Simulating Inflammation in a Wound Microenvironment Using a Dermal Wound-on-a-Chip Model

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Journal Article
Advanced Healthcare Materials, 2019, 8 (1)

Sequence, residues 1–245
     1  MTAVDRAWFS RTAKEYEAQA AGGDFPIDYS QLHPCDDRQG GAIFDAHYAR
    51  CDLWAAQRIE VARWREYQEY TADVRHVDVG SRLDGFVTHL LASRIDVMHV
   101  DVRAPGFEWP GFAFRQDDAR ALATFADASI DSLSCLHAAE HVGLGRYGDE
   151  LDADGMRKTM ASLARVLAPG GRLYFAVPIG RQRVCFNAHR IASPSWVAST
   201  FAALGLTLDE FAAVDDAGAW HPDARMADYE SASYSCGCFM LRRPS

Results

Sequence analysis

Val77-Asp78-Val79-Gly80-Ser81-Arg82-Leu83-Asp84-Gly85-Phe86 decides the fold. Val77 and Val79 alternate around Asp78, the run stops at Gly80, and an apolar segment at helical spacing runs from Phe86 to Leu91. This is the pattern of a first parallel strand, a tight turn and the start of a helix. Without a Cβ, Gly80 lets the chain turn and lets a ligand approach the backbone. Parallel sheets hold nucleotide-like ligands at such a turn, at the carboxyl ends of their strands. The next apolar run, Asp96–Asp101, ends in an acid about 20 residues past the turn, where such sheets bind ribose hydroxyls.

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© 2018 WILEY-VCH Verlag GmbH & Co. KGaA, Weinheim Considerable progress has been made in the field of microfluidics to develop complex systems for modeling human skin and dermal wound healing processes. While microfluidic models have attempted to integrate multiple cell types and/or 3D culture systems, to date they have lacked some elements needed to fully represent dermal wound healing. This paper describes a cost-effective, multicellular microfluidic system that mimics the paracrine component of early inflammation close to normal wound healing. Collagen and Matrigel are tested as materials for coating and adhesion of dermal fibroblasts and human umbilical vein endothelial cells (HUVECs). The wound-on-chip model consists of three interconnecting channels and is able to simulate wound inflammation by adding tumor necrosis factor alpha (TNF-α) or by triculturing with macrophages. Both the approaches significantly increase IL-1β, IL-6, IL-8 in the supernatant (p < 0.05), and increases in cytokine levels are attenuated by cotreatment with an anti-inflammatory agent, Dexamethasone. Incorporation of M1 and M2 macrophages cocultured with fibroblasts and HUVECs leads to a stimulation of cytokine production as well as vascular structure formation, particularly with M2 macrophages. In summary, this wound-on-chip system can be used to model the paracrine component of the early inflammatory phase of wound healing and has the potential for the screening of anti-inflammatory compounds.
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